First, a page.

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MSPCA's closing center creates gap in animal welfare

Date: 2/11/2009

By G. Michael Dobbs

Managing Editor

SPRINGFIELD The question cities and towns in the greater Springfield area will face later this year when the Massachusetts Society for the Prevention of Cruelty to Animals (MSPCA) closes its center in Springfield is what entity is going to provide the same services.

In 2008, the center accepted 6,600 animals into its Union Street shelter and adoption center, according to Candy Lash of the MSPCA. Those animals were not just dogs and cats, but small animals such as hamsters, rabbits and ferrets, she added. The small animals and in some cases cats are not handled by some of the other animals shelters in the region.

The Thomas O' Connor Animal Control and Adoptions Center operated jointly by Springfield, West Springfield, Holyoke, Chicopee and Hampden has also seen budget cuts, Lash added. Towns that have their own animal control services will be hit harder by the MSPCA closing, she said.

The announcement made Friday by MSPCA President Carter Luke was that the Springfield center would close March 31. The organization plans to close its Martha's Vineyard facility on May 1 and then its Brockton adoption center on Sept. 30. Other than two law enforcement officers stationed in Western Massachusetts and operating out of their homes, Lash confirmed there would be no MSPCA presence west of Worcester.

Thirty-eight MSPCA staff members will lose their jobs.

The Springfield shelter will operate as normal until closer to its closing date when the acceptance of new animals will be curtailed.

At this time the closing of the facility is permanent as Lash said there are no plans to either re-open the building or find a smaller one if economic conditions improve. The hospital operation, once housed in the building, was shut down in 2007 and the building has been up for sale.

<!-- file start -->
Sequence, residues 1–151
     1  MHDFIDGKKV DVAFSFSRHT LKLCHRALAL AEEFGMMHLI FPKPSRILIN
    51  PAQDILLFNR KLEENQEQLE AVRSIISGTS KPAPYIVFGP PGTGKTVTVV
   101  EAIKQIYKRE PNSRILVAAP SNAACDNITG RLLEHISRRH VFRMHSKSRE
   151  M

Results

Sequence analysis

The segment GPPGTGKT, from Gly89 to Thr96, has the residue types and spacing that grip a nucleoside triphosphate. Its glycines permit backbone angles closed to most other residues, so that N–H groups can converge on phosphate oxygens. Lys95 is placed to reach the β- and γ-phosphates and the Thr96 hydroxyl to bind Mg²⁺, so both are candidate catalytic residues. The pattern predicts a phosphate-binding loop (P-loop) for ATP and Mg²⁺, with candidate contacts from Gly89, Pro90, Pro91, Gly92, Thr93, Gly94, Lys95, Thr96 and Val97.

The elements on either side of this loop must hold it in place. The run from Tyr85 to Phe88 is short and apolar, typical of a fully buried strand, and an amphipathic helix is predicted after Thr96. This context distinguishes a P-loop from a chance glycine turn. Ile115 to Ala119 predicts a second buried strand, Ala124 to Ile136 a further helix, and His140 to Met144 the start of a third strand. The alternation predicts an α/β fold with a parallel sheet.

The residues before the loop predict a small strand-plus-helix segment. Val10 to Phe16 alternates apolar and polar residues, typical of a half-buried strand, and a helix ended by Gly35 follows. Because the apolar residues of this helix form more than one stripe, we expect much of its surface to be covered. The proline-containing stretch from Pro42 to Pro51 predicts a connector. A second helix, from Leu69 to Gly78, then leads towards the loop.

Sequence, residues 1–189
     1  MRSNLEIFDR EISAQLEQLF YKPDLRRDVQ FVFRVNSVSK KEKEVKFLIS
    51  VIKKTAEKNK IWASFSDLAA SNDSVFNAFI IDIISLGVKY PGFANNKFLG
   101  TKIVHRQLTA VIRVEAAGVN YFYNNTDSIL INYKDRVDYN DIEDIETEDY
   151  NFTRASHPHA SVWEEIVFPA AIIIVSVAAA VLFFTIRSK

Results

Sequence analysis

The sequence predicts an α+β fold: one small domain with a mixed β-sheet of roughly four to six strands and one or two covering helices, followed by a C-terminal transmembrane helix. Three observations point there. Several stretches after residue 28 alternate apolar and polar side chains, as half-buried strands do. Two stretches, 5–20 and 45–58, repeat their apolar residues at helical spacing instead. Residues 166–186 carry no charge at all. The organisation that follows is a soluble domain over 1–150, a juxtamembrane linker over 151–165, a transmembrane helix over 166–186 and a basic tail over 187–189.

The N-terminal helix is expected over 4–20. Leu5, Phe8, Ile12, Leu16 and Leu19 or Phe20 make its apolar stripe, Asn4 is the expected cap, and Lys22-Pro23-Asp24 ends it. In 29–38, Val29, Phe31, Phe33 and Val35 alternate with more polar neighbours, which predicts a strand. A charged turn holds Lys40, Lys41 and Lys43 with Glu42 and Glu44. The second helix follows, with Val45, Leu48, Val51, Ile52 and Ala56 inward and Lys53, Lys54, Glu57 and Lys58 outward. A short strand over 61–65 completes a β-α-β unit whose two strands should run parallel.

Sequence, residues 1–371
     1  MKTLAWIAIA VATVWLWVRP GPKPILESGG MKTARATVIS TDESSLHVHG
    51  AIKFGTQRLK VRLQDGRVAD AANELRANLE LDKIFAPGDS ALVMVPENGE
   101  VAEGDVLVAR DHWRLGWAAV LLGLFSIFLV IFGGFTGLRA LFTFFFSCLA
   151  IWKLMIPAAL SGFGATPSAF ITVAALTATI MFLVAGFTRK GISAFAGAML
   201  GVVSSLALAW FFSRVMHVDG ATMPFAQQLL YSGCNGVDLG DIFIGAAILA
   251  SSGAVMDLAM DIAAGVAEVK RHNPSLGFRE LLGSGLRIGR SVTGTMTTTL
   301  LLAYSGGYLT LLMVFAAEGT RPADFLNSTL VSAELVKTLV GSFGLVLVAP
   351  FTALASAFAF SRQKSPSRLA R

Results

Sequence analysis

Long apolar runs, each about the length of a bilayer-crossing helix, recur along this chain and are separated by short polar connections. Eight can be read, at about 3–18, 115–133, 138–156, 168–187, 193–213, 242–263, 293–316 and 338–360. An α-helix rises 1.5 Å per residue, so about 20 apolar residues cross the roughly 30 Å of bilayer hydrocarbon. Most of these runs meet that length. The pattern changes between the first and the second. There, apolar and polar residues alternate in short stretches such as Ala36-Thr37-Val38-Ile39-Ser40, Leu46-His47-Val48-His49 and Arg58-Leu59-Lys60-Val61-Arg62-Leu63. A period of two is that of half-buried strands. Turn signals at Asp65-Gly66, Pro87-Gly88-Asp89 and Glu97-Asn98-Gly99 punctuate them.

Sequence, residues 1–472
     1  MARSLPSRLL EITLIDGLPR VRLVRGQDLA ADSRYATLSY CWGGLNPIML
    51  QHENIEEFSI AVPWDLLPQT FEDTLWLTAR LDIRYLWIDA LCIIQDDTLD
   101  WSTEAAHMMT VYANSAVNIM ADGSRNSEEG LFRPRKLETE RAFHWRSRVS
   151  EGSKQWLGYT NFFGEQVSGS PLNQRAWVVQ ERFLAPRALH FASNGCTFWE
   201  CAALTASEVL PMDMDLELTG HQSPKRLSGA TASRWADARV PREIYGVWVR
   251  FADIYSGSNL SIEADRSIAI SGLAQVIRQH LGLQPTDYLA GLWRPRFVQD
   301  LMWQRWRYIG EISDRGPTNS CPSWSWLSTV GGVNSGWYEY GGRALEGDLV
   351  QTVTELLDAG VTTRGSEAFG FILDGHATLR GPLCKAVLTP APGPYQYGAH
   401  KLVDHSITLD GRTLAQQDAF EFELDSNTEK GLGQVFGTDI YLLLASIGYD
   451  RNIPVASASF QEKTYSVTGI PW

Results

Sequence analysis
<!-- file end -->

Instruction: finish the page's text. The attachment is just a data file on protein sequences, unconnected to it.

"There is a huge need for an open admissions facility [one that would accept all animals] here," she said. "We're exploring options to see what can be done."

Lash said that because shelters restrict the number and kinds of animals they accept, people in Connecticut and Rhode Island used the Springfield shelter as well.

Lash explained the closing was due directly to a near $12 million or over 25 percent loss suffered to the organization's endowment in 2008. She said that prior to the loss of investment, the MSPCA had already made cuts to its budget.

"There was no fat in this operation at all," she said.

The $1 million overhead in operating the Springfield center, plus the loss to the endowment, necessitated the closing, she explained.

"The extent of the losses were staggering," she said.

The employees were told of the closing on Thursday and Lash said, "Their biggest concerns is what is going to happen to these animals in Western Massachusetts."

The MSPCA has been in Springfield since 1914 and Lash said the events of last week were "a very harsh reality for us."

The organization is going ahead with its Valentine's Day celebration, its third annual Valentine Adoption Extravaganza on Feb. 14 and 15 from 11 a.m. to 3 p.m.

The Valentine Adoption Extravaganza will feature discounted adoptions of lovable animals in need of new homes including dogs, cats, rabbits, hamsters, ferrets, rats, birds and more.

Experts will be on hand to offer training and pet care tips, behavioral advice and counseling and low cost spay/neuter assistance information.

The event is free and open to the public. For more information call 736-2992 or online at on the Western New England/Springfield homepage.